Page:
The east coast, that charming strip of small fishing villages generally referred to as Amed [even though that is only the name of the first of many different villages], is the forgotten part of Bali. So many expat residents have never been there or not since the road was a nightmare, many years ago. Now a pleasant 2 hour drive from Ubud [2 ½ hours from Sanur using the new highway] brings you to arguably the best value retreat in Bali.
Most of the action in this area, is around Bunutan and the nearby Lipah Beach, 5 kms south of the actual village of Amed. The area consists of many small hotels [5-8 rooms the average], mostly locally managed but owned by a veritable United Nations of operators. This review is about one with a difference, locally owned but European-managed [was Dutch, now Belgian].
Puri Wirata consists of a cluster of small air-conditioned cottages, the centre piece of which is their terrace restaurant which overlooks the tree-lined swimming pool, the big blue sea beyond.
Food in this area is generally quite basic. The fish is straight from the boats [you watch them go out late afternoon and return early morning], not via 3-4 different markets and a couple of hot trips in the back of a truck.
The most common cuisine is Indonesian Chinese with many chicken and fish combinations. This also applies at Puri Wirata but with Indonesian, Balinese and European options thrown in as well.
My monthly escapes from the pressures of the world always begin with an early 6.00 a.m. start from Ubud for a trouble free drive, then it is case of meeting up with my local friends for an 8.00 a.m. breakfast at Puri Wirata. Brat Kartoffeln [pan-fried slices of potato, bacon and onion, topped with a fried egg] for me every time! My friends fluctuate between the great Mixed Omelette [the round flat Indonesian style but still soft and fluffy, stuffed with tomato, ham, bacon, mushroom and cheese] or the large Nasi Goreng [chicken, veggies and a fried egg]. A range of fresh fruits or juices, teas [jasmine or English] and coffees [Bali, espresso or cappuccino] make you forget you are in such a remote spot!
Any time snacks [Jaffles, Bruchetta, Hot Dogs, Chicken Nuggets, etc] are essential for any hotel. The sandwich options include a Chicken [with pineapple and mushrooms in a light curry mayonnaise] a Steak [with cheese and onions] and a Hawaiian Toast, an open melt topped with ham, pineapple and mozzarella cheese. A full range of fresh salads also satisfy any hunger pangs with healthy options. The European influence show with the excellent Potato Salad [combined with egg, mustard, mayonnaise and olive oil]. The Savoury Crepes can be filled with ham and cheese or a creamy mix of shicken and mushrooms.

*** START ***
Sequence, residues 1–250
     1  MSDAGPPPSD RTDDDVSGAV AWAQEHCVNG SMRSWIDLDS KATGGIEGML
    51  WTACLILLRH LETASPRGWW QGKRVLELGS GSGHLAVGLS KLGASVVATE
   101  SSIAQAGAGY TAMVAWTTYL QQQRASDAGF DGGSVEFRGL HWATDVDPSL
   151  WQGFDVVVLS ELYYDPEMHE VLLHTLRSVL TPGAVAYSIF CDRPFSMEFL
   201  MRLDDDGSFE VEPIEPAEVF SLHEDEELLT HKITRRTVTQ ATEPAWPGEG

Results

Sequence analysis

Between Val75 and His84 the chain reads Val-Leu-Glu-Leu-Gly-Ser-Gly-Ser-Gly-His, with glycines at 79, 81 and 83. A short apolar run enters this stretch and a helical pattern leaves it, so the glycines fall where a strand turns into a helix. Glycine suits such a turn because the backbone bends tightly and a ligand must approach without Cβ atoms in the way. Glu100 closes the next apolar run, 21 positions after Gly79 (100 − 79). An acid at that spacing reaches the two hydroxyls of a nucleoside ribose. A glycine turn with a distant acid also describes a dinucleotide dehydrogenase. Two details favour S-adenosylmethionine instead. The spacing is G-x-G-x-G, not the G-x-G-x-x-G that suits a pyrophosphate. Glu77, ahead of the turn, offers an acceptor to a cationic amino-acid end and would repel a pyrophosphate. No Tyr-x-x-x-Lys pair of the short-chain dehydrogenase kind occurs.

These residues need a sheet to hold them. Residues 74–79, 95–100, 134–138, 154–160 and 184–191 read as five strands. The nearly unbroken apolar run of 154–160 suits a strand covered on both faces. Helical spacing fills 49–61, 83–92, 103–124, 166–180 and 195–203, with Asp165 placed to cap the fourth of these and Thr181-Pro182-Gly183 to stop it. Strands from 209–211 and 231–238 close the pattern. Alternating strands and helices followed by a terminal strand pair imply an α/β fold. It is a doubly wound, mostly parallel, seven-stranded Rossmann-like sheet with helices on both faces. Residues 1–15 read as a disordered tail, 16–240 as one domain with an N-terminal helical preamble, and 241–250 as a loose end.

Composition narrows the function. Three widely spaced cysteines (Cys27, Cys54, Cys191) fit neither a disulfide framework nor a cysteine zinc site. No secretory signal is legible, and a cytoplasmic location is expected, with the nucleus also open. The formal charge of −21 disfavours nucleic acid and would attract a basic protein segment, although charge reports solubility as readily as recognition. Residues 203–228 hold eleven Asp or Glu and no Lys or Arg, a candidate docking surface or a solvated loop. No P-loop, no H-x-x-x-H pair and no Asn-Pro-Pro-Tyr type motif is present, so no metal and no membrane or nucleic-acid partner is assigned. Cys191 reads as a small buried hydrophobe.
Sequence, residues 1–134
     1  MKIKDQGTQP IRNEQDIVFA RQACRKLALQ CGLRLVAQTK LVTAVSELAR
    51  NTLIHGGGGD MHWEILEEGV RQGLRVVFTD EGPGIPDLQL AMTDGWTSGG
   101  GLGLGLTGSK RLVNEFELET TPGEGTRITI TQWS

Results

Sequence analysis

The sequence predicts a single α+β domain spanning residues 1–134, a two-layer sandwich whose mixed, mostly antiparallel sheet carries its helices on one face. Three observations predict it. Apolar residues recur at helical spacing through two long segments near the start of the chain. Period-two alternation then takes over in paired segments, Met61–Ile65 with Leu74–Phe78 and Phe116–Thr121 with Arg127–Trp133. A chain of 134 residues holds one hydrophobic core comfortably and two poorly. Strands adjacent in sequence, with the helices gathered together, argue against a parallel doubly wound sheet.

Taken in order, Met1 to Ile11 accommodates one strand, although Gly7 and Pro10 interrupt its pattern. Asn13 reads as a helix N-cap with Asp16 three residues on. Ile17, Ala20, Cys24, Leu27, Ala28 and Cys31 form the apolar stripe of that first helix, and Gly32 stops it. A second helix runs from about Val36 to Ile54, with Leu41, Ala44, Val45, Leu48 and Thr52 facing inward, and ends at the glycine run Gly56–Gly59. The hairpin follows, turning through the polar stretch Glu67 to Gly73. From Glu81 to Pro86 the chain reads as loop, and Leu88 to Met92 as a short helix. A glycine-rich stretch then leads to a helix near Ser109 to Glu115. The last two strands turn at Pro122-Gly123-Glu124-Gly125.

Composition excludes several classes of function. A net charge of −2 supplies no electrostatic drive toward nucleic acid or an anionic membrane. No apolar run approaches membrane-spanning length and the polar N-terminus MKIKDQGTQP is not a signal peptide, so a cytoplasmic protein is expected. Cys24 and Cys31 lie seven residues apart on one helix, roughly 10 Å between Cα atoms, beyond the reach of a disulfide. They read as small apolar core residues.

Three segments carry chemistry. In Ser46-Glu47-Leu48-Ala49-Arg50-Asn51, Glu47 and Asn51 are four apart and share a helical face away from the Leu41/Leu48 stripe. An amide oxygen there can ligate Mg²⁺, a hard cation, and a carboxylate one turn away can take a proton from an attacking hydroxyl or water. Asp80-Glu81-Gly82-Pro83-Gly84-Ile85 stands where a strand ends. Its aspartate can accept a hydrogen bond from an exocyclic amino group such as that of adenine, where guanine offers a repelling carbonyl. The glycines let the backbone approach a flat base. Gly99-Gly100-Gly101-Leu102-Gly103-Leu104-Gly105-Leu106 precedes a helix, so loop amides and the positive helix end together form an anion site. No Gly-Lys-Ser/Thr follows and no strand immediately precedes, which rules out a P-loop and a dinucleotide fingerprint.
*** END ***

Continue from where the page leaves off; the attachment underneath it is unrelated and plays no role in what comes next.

What is a Pizza, a meal or a snack? I suppose it all depends on your appetite. Here they have a crunchy biscuit-like base and are so loaded with toppings that the odd breakage is normal. Select your own toppings from a big list. Ours was Pork Sausage with pineapple and onions. Very good!
Many snacks also double as possible entrees with a main meal. Tuna Croquettes are such a dish. Minced tuna is combined with onion, green peppers, leek and spices. The resultant ball is crumbed and deep-fried. So good you will want to eat all four of them, and share with no one. The Spring Rolls are another surprise. It is always a change to find somewhere who does them different from the rest. Here they are short and fat, fully stuffed with your choice of vegetables and/or chicken or prawns, and coated with such a light crunchy wrapping that even the remaining shards get chased around the plate. Croutes are unusual; French bread topped with cheese, tomato and caramelized onions.
A large soup menu includes some local favourites [Soto Ayam, Bakso] as well as the usual international vegetable, meat and fish combinations.
The Indonesian menu is very good. Simple food at value prices! The Ayam Goreng Sayur Asam Manis is chicken in a not too sweet, and sour, sauce. Very tasty, as is the Ikan Bumbu Pedas, the two dishes complementing each other with contrasting tastes. Chicken, beef, pork and fish dishes can be had with all the usual combination; sweet and sour, ginger, curry or just plain Indonesian spicy. A plate of Bergedels on the side can never go wrong; potato and egg patties with chicken or beef.
The International menu includes many local seafood options [Prawns Zaganaki; prawns with tomato, onion and a mix of mozzarella and cheddar cheese], chicken [Cordon Bleu or in a mushroom cream sauce] and beef [real Austrian style Schnitzels]. But it is the Chicken Saltimbocca that is too popular to take off the menu. The chicken is wrapped with bacon and served with a cream sauce and mashed potatoes.
Great value and of a quality that you do not expect to find in the outposts of Bali! It all helps to make that weekend escape trouble free and relaxing.
Latest Visit: A sad decline in the restaurant standard of late, food and service, as all the management accent seems to be on diving, the money maker!
This restaurant has been my automatic breakfast stop first morning in Amed, every visit, for past 8 years but after three consecutive disasters, no more. Even too lazy in kitchen to offer Nasi Goreng for breakfast. Their once trademark breakfast Brat Kartoffeln a poor imitation of previous years.